Definitions of the trinity by a cross-section
of conservative theologians
The doctrine of the trinity means that within the being
and activity of the one God there are three distinct persons: Father, Son, and Holy Spirit. Although the word trinity
does not appear in the Bible, the "trinitarian formula" is mentioned in the Great Commission <Matt.
28:19> and in the benediction of the apostle Paul's Second Epistle to the Corinthians <2 Cor. 13:14>.
(from Nelson's Illustrated Bible Dictionary)
(Copyright (C) 1986, Thomas Nelson Publishers)
The Christian doctrine (of the trinity) is: (1) That there is only one God, one divine nature and being. (2) This one divine Being is tripersonal, involving the distinctions of the Father, the Son, and the Holy Spirit. (3) These three are joint partakers of the same nature and majesty of God. This doctrine is preeminently one of revelation. And although it brings before us one of the great mysteries of revelation and transcends finite comprehension, it is essential to the understanding of the Scriptures, and, as we shall see, has its great value and uses.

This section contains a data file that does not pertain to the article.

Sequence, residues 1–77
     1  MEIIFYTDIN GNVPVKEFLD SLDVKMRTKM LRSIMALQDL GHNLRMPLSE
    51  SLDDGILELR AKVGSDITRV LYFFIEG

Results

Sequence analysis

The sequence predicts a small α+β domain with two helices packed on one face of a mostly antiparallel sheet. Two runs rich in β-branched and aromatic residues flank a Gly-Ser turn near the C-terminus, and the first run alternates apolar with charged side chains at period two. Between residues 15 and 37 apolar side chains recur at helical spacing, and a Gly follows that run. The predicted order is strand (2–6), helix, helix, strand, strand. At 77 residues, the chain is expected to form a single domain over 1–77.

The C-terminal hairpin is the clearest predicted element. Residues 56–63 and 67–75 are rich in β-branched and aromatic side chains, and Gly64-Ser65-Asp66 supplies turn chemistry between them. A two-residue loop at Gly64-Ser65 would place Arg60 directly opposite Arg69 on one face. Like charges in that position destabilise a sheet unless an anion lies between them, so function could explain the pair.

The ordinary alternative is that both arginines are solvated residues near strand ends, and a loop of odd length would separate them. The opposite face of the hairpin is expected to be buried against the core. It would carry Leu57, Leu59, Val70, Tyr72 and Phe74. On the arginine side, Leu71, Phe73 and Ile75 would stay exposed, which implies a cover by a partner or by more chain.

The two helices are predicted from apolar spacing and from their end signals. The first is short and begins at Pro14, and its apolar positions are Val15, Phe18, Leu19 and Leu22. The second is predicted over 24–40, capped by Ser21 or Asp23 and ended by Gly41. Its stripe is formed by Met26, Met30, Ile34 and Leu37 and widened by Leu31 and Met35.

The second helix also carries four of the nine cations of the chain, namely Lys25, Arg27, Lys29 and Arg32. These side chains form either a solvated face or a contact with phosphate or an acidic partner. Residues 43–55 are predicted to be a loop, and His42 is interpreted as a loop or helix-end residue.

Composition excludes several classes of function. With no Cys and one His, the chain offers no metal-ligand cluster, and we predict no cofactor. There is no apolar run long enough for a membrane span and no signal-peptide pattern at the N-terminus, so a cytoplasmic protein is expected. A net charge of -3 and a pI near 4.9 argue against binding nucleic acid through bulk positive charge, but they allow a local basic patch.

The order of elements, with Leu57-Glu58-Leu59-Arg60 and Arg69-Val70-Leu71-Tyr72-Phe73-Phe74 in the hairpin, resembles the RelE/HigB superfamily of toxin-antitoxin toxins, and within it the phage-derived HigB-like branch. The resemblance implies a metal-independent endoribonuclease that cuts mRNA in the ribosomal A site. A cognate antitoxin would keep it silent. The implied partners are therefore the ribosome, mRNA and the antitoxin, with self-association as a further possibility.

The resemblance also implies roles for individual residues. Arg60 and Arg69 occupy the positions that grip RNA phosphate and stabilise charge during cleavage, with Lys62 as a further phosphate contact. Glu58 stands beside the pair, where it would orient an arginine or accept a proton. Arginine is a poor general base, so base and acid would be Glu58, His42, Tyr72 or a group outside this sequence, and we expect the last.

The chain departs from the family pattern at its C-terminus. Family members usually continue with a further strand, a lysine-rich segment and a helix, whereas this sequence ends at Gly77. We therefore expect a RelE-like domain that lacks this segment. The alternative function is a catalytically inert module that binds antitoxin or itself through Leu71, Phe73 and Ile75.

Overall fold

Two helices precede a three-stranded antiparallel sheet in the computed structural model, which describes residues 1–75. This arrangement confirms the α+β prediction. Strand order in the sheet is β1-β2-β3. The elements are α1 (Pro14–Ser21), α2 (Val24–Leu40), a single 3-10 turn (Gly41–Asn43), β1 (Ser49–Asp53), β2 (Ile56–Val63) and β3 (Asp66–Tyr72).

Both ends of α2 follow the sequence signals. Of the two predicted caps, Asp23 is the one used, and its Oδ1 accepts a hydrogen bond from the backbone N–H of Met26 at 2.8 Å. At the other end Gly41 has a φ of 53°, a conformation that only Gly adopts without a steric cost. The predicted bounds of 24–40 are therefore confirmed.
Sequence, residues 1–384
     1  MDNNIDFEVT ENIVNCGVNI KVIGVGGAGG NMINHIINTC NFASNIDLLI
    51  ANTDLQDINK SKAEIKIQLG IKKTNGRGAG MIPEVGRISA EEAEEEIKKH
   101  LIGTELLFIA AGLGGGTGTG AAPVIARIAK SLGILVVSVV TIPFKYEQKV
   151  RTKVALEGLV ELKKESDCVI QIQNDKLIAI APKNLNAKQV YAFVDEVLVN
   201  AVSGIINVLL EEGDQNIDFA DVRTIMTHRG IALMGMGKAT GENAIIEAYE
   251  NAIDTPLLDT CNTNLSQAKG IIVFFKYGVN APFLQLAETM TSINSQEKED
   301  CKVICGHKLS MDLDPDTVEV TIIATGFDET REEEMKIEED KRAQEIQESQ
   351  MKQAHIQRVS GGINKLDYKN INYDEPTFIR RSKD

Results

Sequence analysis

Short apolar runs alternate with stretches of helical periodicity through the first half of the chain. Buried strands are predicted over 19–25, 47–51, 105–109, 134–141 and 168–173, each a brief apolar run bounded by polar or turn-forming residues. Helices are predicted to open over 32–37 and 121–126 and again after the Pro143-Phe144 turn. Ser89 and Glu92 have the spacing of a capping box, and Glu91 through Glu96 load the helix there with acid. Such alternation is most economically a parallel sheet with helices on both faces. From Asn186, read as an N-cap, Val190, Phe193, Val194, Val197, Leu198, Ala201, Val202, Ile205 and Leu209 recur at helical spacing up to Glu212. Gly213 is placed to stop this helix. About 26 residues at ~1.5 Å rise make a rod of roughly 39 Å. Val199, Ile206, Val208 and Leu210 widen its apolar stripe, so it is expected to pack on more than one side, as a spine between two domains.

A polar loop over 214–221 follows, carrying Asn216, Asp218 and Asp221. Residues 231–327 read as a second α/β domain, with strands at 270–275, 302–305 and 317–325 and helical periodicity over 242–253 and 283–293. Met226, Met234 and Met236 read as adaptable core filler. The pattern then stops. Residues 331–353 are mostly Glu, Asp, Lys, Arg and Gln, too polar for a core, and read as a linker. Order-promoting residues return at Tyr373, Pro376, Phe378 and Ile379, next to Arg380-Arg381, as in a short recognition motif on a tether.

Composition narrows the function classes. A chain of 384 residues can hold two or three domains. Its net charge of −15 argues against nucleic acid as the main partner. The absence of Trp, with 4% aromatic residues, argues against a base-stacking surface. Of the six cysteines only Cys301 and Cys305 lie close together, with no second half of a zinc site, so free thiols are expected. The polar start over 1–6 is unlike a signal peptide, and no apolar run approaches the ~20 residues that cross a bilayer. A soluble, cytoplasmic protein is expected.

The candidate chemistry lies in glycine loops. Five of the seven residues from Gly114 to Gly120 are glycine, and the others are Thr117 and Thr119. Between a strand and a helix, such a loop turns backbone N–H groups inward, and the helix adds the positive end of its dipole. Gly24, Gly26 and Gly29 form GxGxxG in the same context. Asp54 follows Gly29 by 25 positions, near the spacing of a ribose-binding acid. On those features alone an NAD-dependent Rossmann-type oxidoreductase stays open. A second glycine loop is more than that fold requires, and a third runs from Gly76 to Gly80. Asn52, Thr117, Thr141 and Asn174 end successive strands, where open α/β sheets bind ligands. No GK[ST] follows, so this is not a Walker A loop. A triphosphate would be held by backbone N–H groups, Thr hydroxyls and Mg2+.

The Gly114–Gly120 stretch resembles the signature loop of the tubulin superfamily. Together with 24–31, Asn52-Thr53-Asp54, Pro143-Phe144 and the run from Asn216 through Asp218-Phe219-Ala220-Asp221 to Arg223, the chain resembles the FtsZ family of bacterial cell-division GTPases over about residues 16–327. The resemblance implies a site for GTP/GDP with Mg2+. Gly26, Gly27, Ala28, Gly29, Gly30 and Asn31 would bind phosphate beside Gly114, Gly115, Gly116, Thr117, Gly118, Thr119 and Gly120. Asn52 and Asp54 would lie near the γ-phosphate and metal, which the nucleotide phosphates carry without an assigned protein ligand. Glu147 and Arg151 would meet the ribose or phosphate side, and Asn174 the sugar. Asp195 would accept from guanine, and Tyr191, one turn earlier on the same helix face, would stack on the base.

(from New Unger's Bible Dictionary)
(originally published by Moody Press of Chicago, Illinois. Copyright (C) 1988.)
While there is only one divine nature, there are three substances, or persons, called the Father, the Son, and the Holy Ghost, who possess, not a similar, but the same numerical essence, and the distinction between them is not merely nominal but real.
(John Dick, Theology)
God is one... He subsists in a personality which is threefold, indicated by relationship as Father and Son; by a mode of being as Spirit; and by the different parts taken by the Godhead in manifestation and in the work of redemption.
(Schofield, Reference Bible)
There is but one God; but this one God makes Himself known to man as Father, Son and Holy Spirit, and they are separate personalities.
(Torrey, What the Bible Teaches)
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